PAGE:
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RFE/RL NEWSLINE Vol. 3, No. 172, Part II, 3 September 1999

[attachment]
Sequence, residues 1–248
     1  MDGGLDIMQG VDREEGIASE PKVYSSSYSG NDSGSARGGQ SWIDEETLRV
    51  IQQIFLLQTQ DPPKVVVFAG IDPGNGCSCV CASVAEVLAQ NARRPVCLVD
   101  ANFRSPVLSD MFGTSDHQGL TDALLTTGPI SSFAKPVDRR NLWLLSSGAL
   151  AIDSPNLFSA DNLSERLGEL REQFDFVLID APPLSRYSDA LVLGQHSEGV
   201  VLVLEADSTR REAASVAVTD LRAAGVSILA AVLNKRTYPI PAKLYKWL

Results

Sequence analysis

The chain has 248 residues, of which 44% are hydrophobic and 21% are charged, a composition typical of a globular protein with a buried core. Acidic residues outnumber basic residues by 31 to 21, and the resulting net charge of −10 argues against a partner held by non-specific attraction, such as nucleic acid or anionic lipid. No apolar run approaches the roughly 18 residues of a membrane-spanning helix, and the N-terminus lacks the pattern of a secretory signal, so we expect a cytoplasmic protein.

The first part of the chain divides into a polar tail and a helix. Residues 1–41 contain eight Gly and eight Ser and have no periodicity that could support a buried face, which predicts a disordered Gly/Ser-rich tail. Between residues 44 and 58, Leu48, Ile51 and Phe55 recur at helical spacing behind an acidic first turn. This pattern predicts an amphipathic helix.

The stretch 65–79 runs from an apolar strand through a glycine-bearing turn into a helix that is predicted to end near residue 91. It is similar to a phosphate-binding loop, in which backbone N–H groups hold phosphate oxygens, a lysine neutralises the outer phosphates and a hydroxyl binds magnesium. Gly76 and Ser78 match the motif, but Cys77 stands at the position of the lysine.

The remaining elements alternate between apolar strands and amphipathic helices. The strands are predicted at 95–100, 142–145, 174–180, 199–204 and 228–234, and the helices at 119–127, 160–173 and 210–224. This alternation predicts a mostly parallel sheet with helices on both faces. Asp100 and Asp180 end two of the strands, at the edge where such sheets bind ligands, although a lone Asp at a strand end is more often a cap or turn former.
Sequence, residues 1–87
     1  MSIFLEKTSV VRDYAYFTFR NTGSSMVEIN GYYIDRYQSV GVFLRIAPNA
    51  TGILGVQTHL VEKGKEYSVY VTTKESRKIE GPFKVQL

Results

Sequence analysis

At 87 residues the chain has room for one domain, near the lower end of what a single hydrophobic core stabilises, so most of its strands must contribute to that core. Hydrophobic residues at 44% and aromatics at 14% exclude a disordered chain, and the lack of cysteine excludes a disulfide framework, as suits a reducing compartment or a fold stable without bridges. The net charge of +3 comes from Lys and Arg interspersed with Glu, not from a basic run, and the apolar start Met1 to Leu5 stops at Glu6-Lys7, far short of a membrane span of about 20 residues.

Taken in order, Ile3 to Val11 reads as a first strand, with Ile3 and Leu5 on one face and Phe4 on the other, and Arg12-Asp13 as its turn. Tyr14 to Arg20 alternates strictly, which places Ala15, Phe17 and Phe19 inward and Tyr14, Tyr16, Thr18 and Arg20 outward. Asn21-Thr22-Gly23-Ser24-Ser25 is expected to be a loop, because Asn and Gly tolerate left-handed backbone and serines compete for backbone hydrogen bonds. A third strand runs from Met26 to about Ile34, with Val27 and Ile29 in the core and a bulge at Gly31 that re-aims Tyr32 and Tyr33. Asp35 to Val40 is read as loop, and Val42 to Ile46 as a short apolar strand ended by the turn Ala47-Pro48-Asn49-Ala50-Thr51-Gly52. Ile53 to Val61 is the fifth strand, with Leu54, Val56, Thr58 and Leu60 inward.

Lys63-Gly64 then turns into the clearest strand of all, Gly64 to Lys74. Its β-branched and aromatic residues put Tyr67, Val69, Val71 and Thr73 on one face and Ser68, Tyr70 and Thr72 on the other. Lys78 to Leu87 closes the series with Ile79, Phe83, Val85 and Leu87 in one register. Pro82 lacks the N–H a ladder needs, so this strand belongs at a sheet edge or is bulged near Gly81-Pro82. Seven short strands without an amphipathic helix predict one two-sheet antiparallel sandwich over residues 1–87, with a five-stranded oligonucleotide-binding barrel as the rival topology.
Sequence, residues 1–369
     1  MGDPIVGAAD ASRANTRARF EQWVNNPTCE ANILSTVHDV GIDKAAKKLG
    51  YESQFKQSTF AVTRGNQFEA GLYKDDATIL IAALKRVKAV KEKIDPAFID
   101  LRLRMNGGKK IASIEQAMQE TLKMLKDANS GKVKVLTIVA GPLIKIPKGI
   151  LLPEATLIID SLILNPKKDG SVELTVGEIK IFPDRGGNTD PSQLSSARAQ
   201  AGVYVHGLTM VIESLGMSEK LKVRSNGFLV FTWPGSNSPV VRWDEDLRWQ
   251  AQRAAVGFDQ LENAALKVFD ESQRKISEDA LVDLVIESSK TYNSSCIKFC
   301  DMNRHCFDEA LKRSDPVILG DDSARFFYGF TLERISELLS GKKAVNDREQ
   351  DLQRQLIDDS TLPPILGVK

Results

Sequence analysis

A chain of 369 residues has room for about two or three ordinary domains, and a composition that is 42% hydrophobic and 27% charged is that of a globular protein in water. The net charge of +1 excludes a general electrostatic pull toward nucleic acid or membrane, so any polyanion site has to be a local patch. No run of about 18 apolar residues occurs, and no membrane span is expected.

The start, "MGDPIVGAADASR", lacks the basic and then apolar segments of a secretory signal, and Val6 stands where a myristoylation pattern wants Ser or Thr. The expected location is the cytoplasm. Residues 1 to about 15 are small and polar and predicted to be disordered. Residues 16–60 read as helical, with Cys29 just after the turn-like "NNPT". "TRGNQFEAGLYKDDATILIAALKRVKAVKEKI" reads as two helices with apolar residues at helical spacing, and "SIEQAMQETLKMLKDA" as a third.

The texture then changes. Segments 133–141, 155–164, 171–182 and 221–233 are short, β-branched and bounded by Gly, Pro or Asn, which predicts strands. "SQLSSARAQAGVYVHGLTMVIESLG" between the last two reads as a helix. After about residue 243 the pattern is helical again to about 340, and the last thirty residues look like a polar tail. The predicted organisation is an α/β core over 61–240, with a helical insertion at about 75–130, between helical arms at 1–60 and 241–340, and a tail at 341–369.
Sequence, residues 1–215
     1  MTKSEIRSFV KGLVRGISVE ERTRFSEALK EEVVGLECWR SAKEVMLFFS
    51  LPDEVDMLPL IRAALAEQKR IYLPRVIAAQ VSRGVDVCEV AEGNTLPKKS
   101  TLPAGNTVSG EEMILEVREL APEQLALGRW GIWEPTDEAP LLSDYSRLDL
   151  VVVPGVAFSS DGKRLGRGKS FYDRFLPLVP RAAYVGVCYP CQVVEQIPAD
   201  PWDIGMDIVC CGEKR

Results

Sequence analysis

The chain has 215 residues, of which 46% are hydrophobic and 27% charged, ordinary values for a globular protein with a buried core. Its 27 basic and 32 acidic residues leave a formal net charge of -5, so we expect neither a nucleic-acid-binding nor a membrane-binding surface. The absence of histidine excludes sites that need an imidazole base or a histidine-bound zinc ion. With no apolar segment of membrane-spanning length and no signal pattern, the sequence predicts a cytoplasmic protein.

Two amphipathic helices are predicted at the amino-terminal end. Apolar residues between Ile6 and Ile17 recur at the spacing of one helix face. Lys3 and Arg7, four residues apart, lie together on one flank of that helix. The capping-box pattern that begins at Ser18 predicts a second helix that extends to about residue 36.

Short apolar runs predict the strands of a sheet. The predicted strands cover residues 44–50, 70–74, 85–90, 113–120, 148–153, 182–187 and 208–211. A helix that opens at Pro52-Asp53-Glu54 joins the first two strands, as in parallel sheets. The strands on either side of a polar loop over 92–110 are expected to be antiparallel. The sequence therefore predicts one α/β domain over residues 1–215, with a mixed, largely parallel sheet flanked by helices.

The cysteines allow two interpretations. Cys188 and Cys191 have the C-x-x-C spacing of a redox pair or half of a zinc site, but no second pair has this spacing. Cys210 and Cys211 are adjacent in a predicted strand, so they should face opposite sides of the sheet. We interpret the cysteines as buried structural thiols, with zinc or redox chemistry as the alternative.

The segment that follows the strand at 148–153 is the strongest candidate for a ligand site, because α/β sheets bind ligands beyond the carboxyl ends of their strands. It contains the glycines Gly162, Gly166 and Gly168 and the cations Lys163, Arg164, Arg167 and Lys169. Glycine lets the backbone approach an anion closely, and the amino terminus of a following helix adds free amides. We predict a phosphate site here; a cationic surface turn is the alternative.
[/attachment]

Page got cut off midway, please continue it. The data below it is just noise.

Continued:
___________________________________________________________ RFE/RL NEWSLINE Vol. 3, No. 172, Part II, 3 September 1999 A daily report of developments in Eastern and Southeastern Europe, Russia, the Caucasus and Central Asia prepared by the staff of Radio Free Europe/Radio Liberty. This is Part II, a compilation of news concerning Central, Eastern, and Southeastern Europe. Part I covers Russia, Transcaucasia and Central Asia and is distributed simultaneously as a second document. Back issues of RFE/RL Newsline and the OMRI Daily Digest are online at RFE/RL's Web site: http://www.rferl.org/newsline xxxxxxxxxxxxxxxxxxxxxxxxxxxxxxxxxxxxxxxxxxxxxxxxxxxxxxxx Headlines, Part II * BELARUSIAN AUTHORITIES START TALKS WITH OPPOSITION * UCK TO BECOME CIVILIAN CORPS OR NEW ARMY? * UN 'REMOVES' KOSOVA FROM YUGOSLAV CURRENCY SYSTEM End Note: REFORMING THE BULGARIAN MILITARY xxxxxxxxxxxxxxxxxxxxxxxxxxxxxxxxxxxxxxxxxxxxxxxxxxxxxxxx EAST-CENTRAL EUROPE BELARUSIAN AUTHORITIES START TALKS WITH OPPOSITION. Four- strong delegations representing the authorities and the opposition began consultations at the OSCE Minsk mission office on 3 September, Belapan reported. The talks are focusing on the opposition's access to the state media. JM UKRAINIAN CABINET SETS MAIN 2000 BUDGET TARGETS... Despite the continued economic decline, the government has approved rather optimistic guidelines for the 2000 budget. It predicts 2 percent growth in GDP to 150.8 billion hryvni ($34.3 billion). Budget revenues are foreseen as exceeding expenditures by 500 million hryvni. According to UNIAN, this latter guideline was adopted to prevent the budget deficit from impacting on the "overall economic situation" and to provide funds to repay the country's foreign debt. Annual inflation is predicted at 12 percent, down from this year's envisaged rate of 19.1 percent. The hryvnya exchange rate is expected to fall from the current 4.4 to $1 to 5 hryvni to $1. The government indents to submit the budget draft to the parliament by 15 September. JM ...VOWS TO FULFILL IMF CONDITIONS FOR NEXT TRANCHE. The government has sent a letter to the IMF confirming that it has met all requirements necessary to receive the next IMF loan tranche. A final decision on the last major requirement- -an increase in tariffs on public utilities--is to be taken before the IMF Board of Directors meeting on 7 September. Deputy Premier Serhiy Tyhypko, who is heading a Ukrainian delegation to talks with the IMF in Washington, said that "the only thing Ukraine needs to show are good incomes from natural gas auctions because we are searching for a way to pay off our social payments which is the only stressful issue for us," according to the 3 September "Eastern Economic Daily." JM LATVIAN PARLIAMENT DEFEATS GOVERNMENT'S AMENDMENT TO PORT LAW. By a vote of 34 to 40 with 13 abstentions, lawmakers on 2 September defeated a government-supported amendment to the law on ports, LETA reported. The controversial measure would have restricted Riga, Ventspils, and Liepaja in disputes with the government over appointments to the boards of those municipalities' ports. The measure, which the government had passed by decree during a parliamentary recess, was heavily criticized by Ventspils Mayor Aivars Lembergs. Lembergs is widely considered an arch-enemy of Prime Minister Andris Skele. MH LITHUANIAN CENTRAL BANK TO LIQUIDATE FAILED BANK. The Lithuanian Central Bank on 2 September announced it will begin bankruptcy proceedings against the failed Litimpeks Bank (see "RFE/RL Newsline," 16 August 1999). The Central Bank has asked the Vilnius District Court to revoke the banking license of Litimpeks and for a receiver to assume control of the bank's operations, ELTA reported. The Deposit Insurance Fund said it may need to pay out some 24 million litas ($6 million) if Litimpeks is indeed declared bankrupt. BNS added that an audit conducted in mid-August showed the bank's liabilities exceed assets by almost 10 million litas ($2.5 million). Litimpeks accounts for only 2.2 percent of Lithuania's banking market. MH POLISH CABINET APPROVES RESTITUTION LAW DRAFT. The government on 2 September approved a draft law that will partly compensate people whose property was confiscated by the Communist regime from 1944-1962. The government estimates that there will be some 170,000 property restitution claims totaling 130 billion zlotys ($32.5 billion) once the bill is adopted by the parliament and signed by the president. Under the draft, successful claimants will receive compensation to the tune of 50 percent of the value of their former assets. Such compensation will take the form of either the property itself or stock in state-owned companies undergoing privatization. JM POLISH DEPUTY PREMIER RESIGNS OVER LUSTRATION. Deputy Premier and Interior Minister Janusz Tomaszewski tendered his resignation on 2 September, following his sacking by Premier Jerzy Buzek (see "RFE/RL's Newsline," 2 September 1999). Tomaszewski said he resigned in keeping with his former pledge to step down if the Lustration Court decided to check the accuracy of his lustration statement. The same day, Polish Television confirmed the widespread rumor that the court has begun examining whether Tomaszewski collaborated with the Communist secret services. On 3 September, President Aleksander Kwasniewski approved Tomaszewski's dismissal/resignation. JM CZECH OPPOSITION LEADER EVASIVE ON POLITICAL FUTURE. Civic Democratic Party leader Vaclav Klaus told "Hospodarske noviny" on 3 September that the continuation of the present social and economic stagnation is a "horrible thought," CTK reported. Klaus admitted that the so-called "opposition agreement" with the Social Democratic minority government has been "a failure" but said that for the time being there is no alternative. Klaus said he wants early elections under a new electoral law that would make it possible for one party to create a majority in the parliament. But he added that he doubts whether the necessary 120 signatures in favor of early elections could be gathered in the Chamber of Deputies. MS CZECH DEPUTY PREMIER SAYS HE WILL NOT RESIGN. Egon Lansky on 2 September said on Frekvence 1 Radio that he will not tender his resignation over having opened an account in Austria in violation of current regulations, CTK reported. He said he has committed a misdemeanor comparable to "parking a car improperly" and that he did not commit it "as a member of the cabinet." He added that he will ask the Senate's Immunity Committee to strip him of parliamentary immunity so that the case can be properly investigated. MS HOLOCAUST SURVIVORS MEETING IN PRAGUE. Hundreds of Jewish children who survived the Holocaust in Nazi concentration camps are meeting in Prague on 3 September. This is their 12th meeting and the first to take place in a former communist country, CTK reported. Some of the events will take place in the former concentration camp of Theresienstadt. The conference is organized by the Hidden Child Praha organization in cooperation with the Federation of Jewish Child Survivors of the Holocaust. Roma representatives are among the honorary guests. MS RACIALIST LEAFLETS DISTRIBUTED IN EASTERN SLOVAKIA. Jozef Cervenak, chairman of the Roma-Gemer civic association in Roznava, said on 2 September that racialist leaflets have been placed in Roma mailboxes in the town. The leaflets called on "the white man" to stand up and defend what is his "by right in the name of [his] ancestors," CTK reported. Meanwhile, CTK cited the Finnish FNB agency as reporting that the Finnish authorities have processed and turned down all 300 out of the 1,100 requests for political asylum received from Roma who arrived in Finland over the last two months. MS POLICE RAID EDITORIAL OFFICE OF BUDAPEST DAILY. Hungarian police on 2 September raided the offices of the financial daily "Vilaggazdasag" to search for the original of a list of "VIP account-holders" who received preferential loans from Hungary's Postabank. Detectives also searched the car and home of chief editor Andras Banki and Laszlo Illisz, the journalist who published the list in the 30 August issue of the daily. Banki said the original list, which gave the names and loan amounts of more than 100 politicians and other prominent personalities, has been destroyed. MSZ SOUTHEASTERN EUROPE UCK TO BECOME CIVILIAN CORPS OR NEW ARMY? "The New York Times" on 3 September reported that officials of NATO, the UN, and the Kosova Liberation Army (UCK) have agreed that some 3,000 guerrillas will soon become a "lightly-armed civilian emergency force." Western officials described the new corps as a civilian force that will deal with emergencies such as "forest fires, earthquakes, mountain rescue, and reconstruction." The corps will have a military organization, however, as well as uniforms and "sidearms to protect equipment," the daily continued. It will also have helicopters. UCK officers "see it as a potential core of a national army, and are selling it to their followers as such." General Agim Ceku, who is the UCK's chief of staff, said: "We will build a new army in the future, and the Kosova Corps will be one part of it." A KFOR spokesman stressed, however, that the corps is not a new army but rather a form of "uniformed public service." PM THACI APPEALS TO SERBS. The UCK's Hashim Thaci said in London on 2 September that Kosova's Serbs should return "because we are interested in establishing in Kosova a multi-ethnic society." The UNHCR previously estimated that 170,000 of Kosova's 200,000 Serbs fled the province during or since the recent conflict (see "RFE/RL Newsline," 12 August 1999). Also on 2 September, Serbian Deputy Prime Minister Vojislav Seselj said in Belgrade that Serbian police must return to Kosova "as soon as possible" to ensure the safety of local Serbs. He stressed that "if there are no peaceful means available, we shall have to find other ways" to enable Serbian forces to return to the province. PM UN 'REMOVES' KOSOVA FROM YUGOSLAV CURRENCY SYSTEM. A spokeswoman for Bernard Kouchner, who is the UN's chief civilian administrator in Kosova, said on 3 September in Prishtina that he has issued an order allowing currencies other than the Yugoslav dinar to legally circulate Kosova. She added that Kouchner's own office will use German marks. It will accept dinars only for an additional fee, dpa reported. Observers note that since KFOR forces entered Kosova in June, local ethnic Albanians have generally refused to use dinars, which they regard as a symbol of Serbian rule. The Serbian authorities are certain to protest Kouchner's decision as a violation of Yugoslav sovereignty in Kosova. In practice, the German mark has been the second currency throughout the former Yugoslavia for decades. PM AUSTRALIAN SAYS SERBS TORTURED HIM. Steve Pratt, who is one of the two Australian aid workers just released from prison by Yugoslav President Slobodan Milosevic, said in Sydney on 3 September that he confessed to spying under duress (see "RFE/RL Newsline," 2 September 1999). He said that he made the confession in April after his Serbian captors told him "to cooperate or be strangled," Reuters reported. Australian Prime Minister John Howard said that he will investigate Pratt's charge, which he said he has not heard before. PM U.S. AIR FORCE: DOWNED PILOTS RESCUED FROM SERBIA SWIFTLY. An Air Force spokesman said in Hurlburt Field, Florida, on 2 September that the military used highly sophisticated technology in order to rescue two U.S. airmen downed in Serbia on 26 March and 2 May, respectively. In each case the pilots were rescued within hours of crashing. The helicopters that picked them up spent "less than one minute" on the ground. PM PARTY MEMBERSHIP A KEY TO SERBIAN JOBS? In response to an "initiative" by Milosevic's Socialist Party of Serbia, local employers in Pozarevac have signed contracts with 105 young professionals, the Frankfurt-based Serbian daily "Vesti" reported on 3 September. The local branch of the opposition Democratic Party said in a statement that it is "immoral" that a powerful party uses its influence to win jobs for its young members at the expense of other job seekers. Pozarevac is Milosevic's home town and power base. Among the firms giving jobs is the Bambi cookie company, which recently helped finance an amusement park built by Milosevic's son Marko. PM HOLBROOKE LAUDS DODIK. U.S. Ambassador to the UN Richard Holbrooke said in Banja Luka on 2 September that Republika Srpska caretaker Prime Minister Milorad Dodik is "the most promising leader of his generation in his country," Reuters reported. Referring to Dodik's hard-line opponents, Holbrooke added: "Throughout this area there are people who are separatists, racists, criminals, and crooks. These are people not only trying to destroy the  Dayton peace accords but to walk the Serb people of Bosnia-Herzegovina back to the dark ages of six years ago" when Bosnia was still torn by war. Holbrooke proceeded the same day to Mostar, which he called "the most broken city in Europe, a city whose failures exemplify the tragedy of the Balkans." The U.S. diplomat met on 3 September in Zagreb with Croatian President Franjo Tudjman, who assured Holbrooke that Croatia will cooperate with the Hague-based war crimes tribunal. PM PLAVSIC ON HAGUE LIST? Republika Srpska Justice Minister Milan Trbojevic, citing unspecified "sources," said the Hague-based tribunal has prepared a list of 10 past or present Bosnian Serb officials whom it wants to question in conjunction with a case being prepared against Milosevic for war crimes he allegedly committed in Croatia and Bosnia before the Dayton agreement, "Vesti" reported on 3 September. Trbojevic added that his "sources" tell him that some or all of the 10 might face indictment themselves by the tribunal. The minister noted that he himself is on the list, as are former President Biljana Plavsic, and Momcilo Krajisnik, the former ethnic Serbian representative on the Bosnian joint presidency (see "RFE/RL Newsline," 30 August 1999). PM CROATIAN PARTIES REAFFIRM PACT. Representatives of six opposition parties signed an agreement in Zagreb on 2 September pledging to continue their alliance against the governing Croatian Democratic Community at least until after the upcoming parliamentary elections, RFE/RL's South Slavic Service reported. The ceremony was intended to dispel rumors that the coalition is about to break up. The coalition includes all significant opposition parties except those on the far right. PM ITALY DEMOLISHES ALBANIAN BUNKERS. Albanian officials formally thanked Italian military engineers in Durres on 2 September for demolishing 32 of the country's 300,000 concrete bunkers, Reuters reported. Local soccer teams will use the reclaimed space, and the broken concrete will be used to build a marina. Former dictator Enver Hoxha built the bunkers in the 1970s to defend the country against a foreign invasion. The attack never came, but the bunkers continue to litter the landscape. Removing them is a costly and time- consuming task. PM ROMANIA INVESTS IN MOLDOVA'S ENERGY SECTOR. Romania intends to "invest heavily" in Moldova's energy sector, Prime Minister Ion Sturza told journalists in Chisinau on 2 September on returning from that country. Sturza said Bucharest has agreed to write off Chisinau's $13 million electricity debt in exchange for a 51 percent stake in Moldova's Tirex-Petrol state company, RFE/RL's bureau in the Moldovan capital reported. Sturza added that he and President Emil Constantinescu agree that the Moldovan-Romanian basic treaty must be concluded by the end of 1999. MS MOLDOVAN PARLIAMENTARY CHAIRMAN ATTACKS PRESIDENT LUCINSCHI. In an interview with the governmental Russian-language daily "Nezavisimaya Moldova" on 2 September, parliamentary chairman Dumitru Diacov said President Petru Lucinschi's drive to change the Moldovan system to a presidential one has "tarnished the country's image" abroad. Diacov, who heads the formerly pro-presidential Movement for a Democratic and Prosperous Moldova Bloc, said the changes proposed by Lucinschi have nothing in common with the U.S. Constitution; rather, it resembles the constitutions of "under-developed countries, with all their dictatorships and authoritarian rulers." Diacov said that some of Lucinschi's proposals, such as changing the electoral system for parliamentary elections and reducing the number of seats in the legislature, are designed to "deflect attention...from the essence of the draft," which, he said, is "aimed at imposing an authoritarian regime in Moldova of the likes existing in some CIS, African, and Asian countries." MS BULGARIAN VICE PRESIDENT EXPECTS POLITICAL CLIMATE TO IMPROVE. In an interview with BTA on 2 September, Todor Kavaldjiev said he expects the country's political climate to improve after the October local elections because, he said, the "democratic community" will gain access to local government structures. Most of these structures are now dominated by the opposition Bulgarian Socialist Party. Kavaldjiev added that his "optimism" is nonetheless "limited" because an "undemocratic" provision in the amended local election law abolished the right of inhabitants of places with a population of fewer than 500 to elect mayors directly. He also said he supported demolishing the mausoleum of communist leader Georgi Dimitrov, noting that Dimitrov opponents such as Nikola Petkov or Krustyu Pastouhov are "not even buried in proper graves where friends and relatives can pay [their] respects." MS PARTIES GALORE IN BULGARIAN LOCAL ELECTIONS. A spokeswoman for the Central Electoral Commission on 2 September said 87 parties and coalitions of parties have so far registered for the October local elections, BTA reported. A total of 94 parties and coalitions have applied for registration. Also on 2 September, controversial Business Bloc leader George Ganchev told journalists that if the Republican Party wins the U.S. presidential elections next year, it will back him if he decides to run for the Bulgarian presidency. MS END NOTE REFORMING THE BULGARIAN MILITARY By Michael Shafir When General Mikho Mikhov criticized the government in an interview with "Standart" late last month, military observers must have wondered whether his days as Bulgarian chief of staff were numbered. Mikhov spoke of "tensions" and "insecurity" among the armed forces stemming from government plans to substantially reduce their number in a bid to achieve integration into NATO. Saying that the plan is "increasingly demoralizing and infuriating" the officer corps, Mikhov noted that the Ministry of Defense's plans to close down military schools would "reduce us to the state of many African and Asian countries." He added that the ministry has no plans to help those discharged under the envisaged reform. Judging by past practice, Mikhov is unlikely to see the reform through. Similar criticism, for similar reasons, triggered the dismissals in 1998 of commander of the construction troops General Radoslav Peshleevsky, commander of the missile and artillery forces General Angel Marin, and two deputy defense ministers, Simeon Petkovski and Rumen Kunchev. On one of those occasions, Prime Minister Ivan Kostov commented that "the fairest way for all officers who do not accept the reform of the army is to resign." It is not difficult to see why these officers are opposed to the envisaged reforms. Schooled in Warsaw Pact doctrine, with its stress on numbers rather than quality, the Bulgarian commanders have no reason to welcome the gradual transformation of the country's armed forces into a significantly smaller and, eventually, professional army that can subsist on a reduced budget. The Kostov government has obstinately pursued the goal of joining NATO ever since it took office, defining that goal as a "strategic" one in its "Bulgaria 2001" program. That plan is based on recommendations that NATO made in its "Plan for Activities of the Candidates for Membership in NATO," issued earlier this year, and outlines the first of two stages envisaged by the military reform. Covering the period 2000-2001, the first stage is viewed by the government as decisive for securing an invitation to join the alliance. The second stage, extending from 2002-204, aims at ensuring that the talks with NATO will be successfully concluded. According to Deputy Defense Minister Velizar Shalamanov, who presented the plan on 19 August, it is estimated that by 2004, Bulgaria will need no more than 300-400 graduates from military academies annually. Hence, it is unrealistic to continue financing five military educational establishments. Rather, a new National Higher Military School is to be founded to train officers and sergeants. Detailing the plan (which must be approved by the government and the parliament) Defense Minster Georgi Ananiev on 31 August said that by 2004, the armed forces will be reduced from their present number of 93,100 to 45,000, and a total of 10,620 officers and 12,530 sergeants will be discharged. Contrary to Mikhov's claim that no help is foreseen for those about to become unemployed, Deputy Defense Minister Zdravko Zafirov said "social adaptation centers" are to be set up in major towns, where training and retraining courses will be offered to such individuals. These are to be paid the equivalent of 20 monthly wages on being released from duty. Military equipment is also to be drastically reduced. By 2004, the number of tanks is to decrease from 1,475 to 750, air defense radars from 230 to 100, "aviation equipment" from 665 to 225 pieces, and "navy equipment" from 149 to 120 pieces. Out of the current 94 army garrisons and 178 other units, only 49 and 71, respectively, will remain by 2004. This will save some 75 million leva (nearly $41 million), according to Ananiev. Further savings of some 40 million leva will be made from the sale of Defense Ministry housing. Another source of revenue is to be the privatization of the country's defense industry. By 2004, according to the plan, the assets of the army's trade companies are to be transferred to private hands. As early as 2002, the ministry expects some 30-40 million leva to be generated as a result of that transfer. The income is to be partly used toward updating the country's arsenal, although in view of Bulgaria's economic situation, purchases of modern technology are not expected before 2010. The privatization of the defense in industry has already been launched, with several companies formerly owned by the ministry being privatized in management-employee buy-outs. The Arsenal company in Kazanluk, the Beta company in Cherven Bryag, and the Optielecton company in Panagyurishte have all been privatized this way, and the VMZ ordnance factory in Sopot may soon follow suit. That, however, may necessitate converting at least part of the production from military to civilian. It also poses problems with regard to licensing and competing on foreign markets, since it is clear that a downsized Bulgarian army is unlikely to become a prospective client. For the time being, the state has kept a 34 percent stake in such major military-industrial plants as Arsenal. Whether it continues to do so will likely depend on both military priorities and on the pace of reform. xxxxxxxxxxxxxxxxxxxxxxxxxxxxxxxxxxxxxxxxxxxxxxxxxxxxxxxx Copyright (c) 1999 RFE/RL, Inc. All rights reserved. xxxxxxxxxxxxxxxxxxxxxxxxxxxxxxxxxxxxxxxxxxxxxxxxxxxxxxxx HOW TO SUBSCRIBE Send an email to firstname.lastname@example.org with the word subscribe as the subject of the message. HOW TO UNSUBSCRIBE Send an email to email@example.com with the word unsubscribe as the subject of the message. 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